Poetry, Language, Thought
by Heidegger, Martin (1971)
Poetry, Language, Thought collects Martin Heidegger's pivotal writings on art, its role in human life and culture, and its relationship to thinking and truth. Essential reading for students and anyone interested in the great philosophers, this book opens up appreciation of Heidegger beyond the study of philosophy to the reaches of poetry and our fundamental relationship to the world. Featuring "The Origin of the Work of Art," a milestone in Heidegger's canon, this enduring volume provides potent, accessible entry to one of the most brilliant thinkers of modern times.
[Extract from: What are poets for? This extract in particular is discussing Rilke's poetry and emerges from a discussion on 'Americanism']-In place of all the world-content of things that was formerly perceived and used to grant freely of itself, the object-character of technological dominion spreads itself over the earth ever more quickly, ruthlessly, and completely. Not only does it establish all things as producible in the process of production; it also delivers the products of production by means of the market. In self-assertive production, the humanness of man and the thingness of things dissolve into the calculated market value of a market which not only spans the whole earth as a world market, but also, as the will to will, trades in the nature of Being and thus subjects all beings to the trade of a calculation that dominates most tenaciously in those areas where there is no need of numbers. (p.112)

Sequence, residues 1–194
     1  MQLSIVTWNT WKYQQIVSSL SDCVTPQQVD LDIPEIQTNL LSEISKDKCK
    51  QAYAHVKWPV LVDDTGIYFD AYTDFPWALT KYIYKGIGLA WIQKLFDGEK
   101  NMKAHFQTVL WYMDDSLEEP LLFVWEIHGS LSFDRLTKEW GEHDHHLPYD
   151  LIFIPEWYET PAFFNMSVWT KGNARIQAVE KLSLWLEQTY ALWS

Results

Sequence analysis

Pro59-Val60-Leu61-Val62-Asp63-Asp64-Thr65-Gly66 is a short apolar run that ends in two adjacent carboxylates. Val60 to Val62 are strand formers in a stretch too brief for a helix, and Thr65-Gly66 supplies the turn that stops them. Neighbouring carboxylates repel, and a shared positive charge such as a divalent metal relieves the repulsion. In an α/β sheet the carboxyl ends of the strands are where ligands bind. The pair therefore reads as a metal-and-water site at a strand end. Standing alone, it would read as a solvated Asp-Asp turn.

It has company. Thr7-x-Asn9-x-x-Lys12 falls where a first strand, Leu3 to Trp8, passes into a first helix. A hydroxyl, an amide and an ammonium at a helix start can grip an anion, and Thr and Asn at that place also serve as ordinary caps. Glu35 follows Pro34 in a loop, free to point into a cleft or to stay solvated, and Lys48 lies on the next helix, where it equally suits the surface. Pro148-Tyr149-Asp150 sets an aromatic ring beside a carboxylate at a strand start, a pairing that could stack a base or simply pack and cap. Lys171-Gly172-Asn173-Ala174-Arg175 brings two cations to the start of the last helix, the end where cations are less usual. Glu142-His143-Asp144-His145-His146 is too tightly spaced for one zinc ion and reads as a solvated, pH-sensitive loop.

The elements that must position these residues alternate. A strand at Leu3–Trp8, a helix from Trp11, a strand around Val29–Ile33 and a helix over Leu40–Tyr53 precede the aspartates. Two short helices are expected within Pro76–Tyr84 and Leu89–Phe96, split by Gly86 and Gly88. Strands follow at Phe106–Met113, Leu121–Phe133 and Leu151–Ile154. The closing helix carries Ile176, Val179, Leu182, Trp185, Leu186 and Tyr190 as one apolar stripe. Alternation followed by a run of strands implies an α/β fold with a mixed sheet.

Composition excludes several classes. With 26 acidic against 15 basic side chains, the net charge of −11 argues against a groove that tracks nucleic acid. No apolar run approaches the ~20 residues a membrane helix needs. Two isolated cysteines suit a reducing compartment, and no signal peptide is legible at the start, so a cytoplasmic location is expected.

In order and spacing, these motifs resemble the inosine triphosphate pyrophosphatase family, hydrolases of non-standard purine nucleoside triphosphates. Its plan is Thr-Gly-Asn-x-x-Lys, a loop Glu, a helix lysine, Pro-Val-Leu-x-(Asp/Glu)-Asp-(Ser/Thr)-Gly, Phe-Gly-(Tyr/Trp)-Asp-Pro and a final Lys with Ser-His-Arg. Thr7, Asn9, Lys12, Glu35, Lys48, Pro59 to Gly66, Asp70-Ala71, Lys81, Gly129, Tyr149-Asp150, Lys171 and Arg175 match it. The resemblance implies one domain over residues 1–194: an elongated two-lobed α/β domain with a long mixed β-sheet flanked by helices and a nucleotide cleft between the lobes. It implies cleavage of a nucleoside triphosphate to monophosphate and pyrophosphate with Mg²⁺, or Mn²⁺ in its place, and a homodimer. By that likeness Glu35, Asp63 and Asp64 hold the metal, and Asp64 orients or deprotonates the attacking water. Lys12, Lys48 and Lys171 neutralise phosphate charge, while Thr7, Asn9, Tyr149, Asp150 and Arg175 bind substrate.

KeywordsPoetry, Heidegger, Art, Aesthetics, Culture, Artwork, Artist, Poetry, Twentieth Century
ThemesWhat Are Poets For? , Poetry, Language, Thought, Heidegger Citations
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